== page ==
DRAW FOR SINGAPORE COMPANIES ABOUT BIG MARKET VIETNAM
HO CHI MINH CITY, VIETNAM :It was a difficult decision for Quek Kawan Yi to leave the air force and move to Vietnam to join the family tableware business, but the former fighter pilot is glad he made the switch.
Speaking to The Straits Times on the sidelines of a Singapore Business Federation roundtable discussion in Ho Chi Minh City on Wednesday, October 19, 2022, the chief operating officer of Q Industries said business for the Singapore company is booming in Vietnam, and that his five (5) years in the country have been smooth and enjoyable.
He said: " Nothing can replace the excitement and the thrill of flying. But after close to 15 years in the air force, and seeing where my family business was growing, I thought that if I was going to be a successful entrepreneur and business person, I would have to make the switch."
Quek, 38, was one of about 100 participants at the event, which was held in conjuction with President Halimah Yacob's state visit to Vietnam.
Q Industries, started by Quek's parents in 1987, opened in Ho Chi Minch City in 2003. It now has offices in Hanoi, as well as in Malaysia and Singapore.
Sixty out of 100 of Q Industries employees are based in Vietnam, where the company supplies tableware to hotels and restaurants and has recently started a culinary training programme.
Quek, who is unmarried with no children, said his transition from Singapore to Ho Chi Minh City was an easy one, thanks in no small part to the strong travel links between the two (2) cities and perhaps, more importantly, the easy availability of Singapore food such as roti prata and bak chor mee (miced meat noodles).
" Culturally, there are differences, but overall, I find that living here is very comfortable," he said. Quek said he is likely to stay in Vietnam in the light of his company's success, which he expects will continue for the next five (5) years.
He added that the business is made easy in the country because of its large local market and openness to foreign direct investment.
Vietnam has a population of 98.2 million, with spending power on the rise and its gross domestic product expected to increase by about 7.5 per cent in 2022.
At the event, Halimah touched on the close trade and investment ties between Vietnam and Singapore, during her address to participants.
Singapore is the second-largest cumulative foreign investor, after South Korea, in Vietnam, with total investments amounting to US$68.68 billion (S$97.8 billion). In the first five months of 2022, Singapore companies invested a total of US$3 billion.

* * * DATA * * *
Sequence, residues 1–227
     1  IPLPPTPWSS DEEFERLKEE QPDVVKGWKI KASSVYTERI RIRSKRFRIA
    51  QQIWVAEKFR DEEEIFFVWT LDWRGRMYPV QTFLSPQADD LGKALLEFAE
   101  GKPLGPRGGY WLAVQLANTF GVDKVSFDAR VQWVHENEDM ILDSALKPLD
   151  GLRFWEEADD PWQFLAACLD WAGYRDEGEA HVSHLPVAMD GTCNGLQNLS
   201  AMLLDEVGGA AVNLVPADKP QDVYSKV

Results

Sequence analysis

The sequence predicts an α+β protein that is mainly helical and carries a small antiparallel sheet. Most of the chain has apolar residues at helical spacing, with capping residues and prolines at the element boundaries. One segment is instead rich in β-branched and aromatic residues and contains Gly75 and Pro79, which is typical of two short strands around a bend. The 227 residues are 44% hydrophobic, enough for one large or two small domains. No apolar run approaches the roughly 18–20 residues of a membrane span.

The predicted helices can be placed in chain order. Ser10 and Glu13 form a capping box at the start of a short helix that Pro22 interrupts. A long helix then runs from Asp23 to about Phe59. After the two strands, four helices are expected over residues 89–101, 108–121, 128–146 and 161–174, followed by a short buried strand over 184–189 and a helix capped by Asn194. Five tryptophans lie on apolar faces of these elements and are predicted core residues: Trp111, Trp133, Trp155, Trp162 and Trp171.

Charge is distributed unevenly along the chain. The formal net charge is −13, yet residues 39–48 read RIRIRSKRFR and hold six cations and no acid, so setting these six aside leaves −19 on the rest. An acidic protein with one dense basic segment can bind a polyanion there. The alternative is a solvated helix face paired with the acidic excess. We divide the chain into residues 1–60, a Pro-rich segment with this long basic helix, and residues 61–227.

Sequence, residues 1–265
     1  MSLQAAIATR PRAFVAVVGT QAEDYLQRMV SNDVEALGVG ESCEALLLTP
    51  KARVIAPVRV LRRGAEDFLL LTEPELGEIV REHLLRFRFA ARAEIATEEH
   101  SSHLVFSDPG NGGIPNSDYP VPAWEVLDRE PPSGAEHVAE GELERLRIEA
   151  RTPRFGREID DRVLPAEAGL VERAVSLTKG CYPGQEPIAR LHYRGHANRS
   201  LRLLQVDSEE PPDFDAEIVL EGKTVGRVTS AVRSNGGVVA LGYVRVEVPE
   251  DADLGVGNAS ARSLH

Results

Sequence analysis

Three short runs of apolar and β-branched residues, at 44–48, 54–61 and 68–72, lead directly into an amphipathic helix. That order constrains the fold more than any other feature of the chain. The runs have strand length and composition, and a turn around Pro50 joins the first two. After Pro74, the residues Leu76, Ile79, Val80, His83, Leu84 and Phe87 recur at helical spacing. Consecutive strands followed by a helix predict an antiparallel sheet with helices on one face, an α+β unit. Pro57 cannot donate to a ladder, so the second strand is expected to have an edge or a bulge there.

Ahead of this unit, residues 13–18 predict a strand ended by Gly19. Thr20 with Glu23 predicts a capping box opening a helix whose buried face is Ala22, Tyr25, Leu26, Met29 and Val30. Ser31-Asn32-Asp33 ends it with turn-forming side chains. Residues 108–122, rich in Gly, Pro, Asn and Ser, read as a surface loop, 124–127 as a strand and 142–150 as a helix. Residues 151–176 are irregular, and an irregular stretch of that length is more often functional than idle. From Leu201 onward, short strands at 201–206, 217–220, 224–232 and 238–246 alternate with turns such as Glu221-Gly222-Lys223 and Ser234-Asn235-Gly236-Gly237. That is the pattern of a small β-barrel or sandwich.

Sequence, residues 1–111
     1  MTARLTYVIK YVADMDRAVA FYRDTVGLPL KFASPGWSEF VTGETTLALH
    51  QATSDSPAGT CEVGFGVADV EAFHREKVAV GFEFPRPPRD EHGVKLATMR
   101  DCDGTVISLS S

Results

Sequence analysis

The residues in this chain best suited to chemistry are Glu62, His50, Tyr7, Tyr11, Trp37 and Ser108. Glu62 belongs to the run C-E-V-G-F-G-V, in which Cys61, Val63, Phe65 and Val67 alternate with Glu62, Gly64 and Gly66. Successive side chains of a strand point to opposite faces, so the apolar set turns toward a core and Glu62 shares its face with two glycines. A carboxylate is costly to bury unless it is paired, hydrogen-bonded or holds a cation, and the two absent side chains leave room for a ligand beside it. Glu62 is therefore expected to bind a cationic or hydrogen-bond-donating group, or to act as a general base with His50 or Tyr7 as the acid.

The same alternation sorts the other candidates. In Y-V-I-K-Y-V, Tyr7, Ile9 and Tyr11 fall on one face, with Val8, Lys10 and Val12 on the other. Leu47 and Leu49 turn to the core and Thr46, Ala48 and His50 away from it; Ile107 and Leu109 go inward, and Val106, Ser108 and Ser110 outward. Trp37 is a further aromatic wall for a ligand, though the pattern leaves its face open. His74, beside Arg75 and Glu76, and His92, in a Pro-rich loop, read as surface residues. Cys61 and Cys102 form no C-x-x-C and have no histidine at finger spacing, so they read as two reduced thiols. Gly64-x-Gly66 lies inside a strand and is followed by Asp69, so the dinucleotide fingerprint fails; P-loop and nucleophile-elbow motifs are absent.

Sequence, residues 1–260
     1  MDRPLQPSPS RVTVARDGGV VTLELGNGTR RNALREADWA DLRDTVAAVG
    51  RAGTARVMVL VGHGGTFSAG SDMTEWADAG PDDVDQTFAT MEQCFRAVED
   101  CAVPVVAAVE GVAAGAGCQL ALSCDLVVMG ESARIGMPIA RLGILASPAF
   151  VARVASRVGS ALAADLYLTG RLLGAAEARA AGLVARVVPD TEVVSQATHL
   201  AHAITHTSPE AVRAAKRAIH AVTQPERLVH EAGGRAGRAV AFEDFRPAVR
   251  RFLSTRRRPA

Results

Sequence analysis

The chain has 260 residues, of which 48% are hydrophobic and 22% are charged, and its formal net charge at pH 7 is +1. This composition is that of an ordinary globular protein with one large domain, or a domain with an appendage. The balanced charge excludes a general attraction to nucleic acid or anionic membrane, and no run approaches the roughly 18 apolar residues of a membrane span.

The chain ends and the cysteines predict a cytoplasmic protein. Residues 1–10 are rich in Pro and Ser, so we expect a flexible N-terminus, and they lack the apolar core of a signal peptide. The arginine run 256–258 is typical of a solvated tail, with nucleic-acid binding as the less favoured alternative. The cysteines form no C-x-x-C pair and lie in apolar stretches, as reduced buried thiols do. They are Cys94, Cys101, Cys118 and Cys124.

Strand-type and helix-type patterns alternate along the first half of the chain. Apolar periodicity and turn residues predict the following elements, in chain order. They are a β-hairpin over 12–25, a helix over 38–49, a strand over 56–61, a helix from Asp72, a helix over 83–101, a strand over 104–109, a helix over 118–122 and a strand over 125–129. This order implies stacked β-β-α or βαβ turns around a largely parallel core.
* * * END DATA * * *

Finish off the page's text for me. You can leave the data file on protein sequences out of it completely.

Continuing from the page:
Halimah also said the two sides are exploring partnerships in the digital and green technology.
Guava Amenities is a Singapore company in Vietnam that is offering sustainable solutions. The firm, which provides amenities, healthcare supplies and other goods to the hospitality and travel industry, also links manufacturers to hotels and airlines, and focuses on minimising waste and carbon emissions.
Guava Amenities chief executive Gabriel Tan said: " Our focus is to make sure we have sustainable solutions. But for Vietnam, it's equally important to scale it to ensure that they are affordable." He added that if businesses keep their services affordable, Vietnam is a huge market full of opportunities.
Following the event, a reception was held for about 130 Singaporeans living in Vietnam. About 3,000 Singaporeans work and live in the country.
Halimah said all of them represent Singapore and its values, and urged them to give their perspectives on Singapore's future in the Forward Singapore exercise to shape and strengthen Singapore's social compact for its next phase.
On Wednesday night, Halimah met Ho Chi Minch City party committee secretary Nguyen Van Nen at the Reunification Palace in the city.
At a dinner after the meeting, she expressed her appreciation for the city's strong support for Singapore's businesses and called for continued collaboration to address common challenges such as climate change and urban management.
She said: " We can tap our complementary strengths to equip our cities for the future, including Ho Chi Minh City's aspirations to develop into an international financial centre.
" This will not just benefit our cities, but bring about growth and development to the wider South-East Asia region as well."
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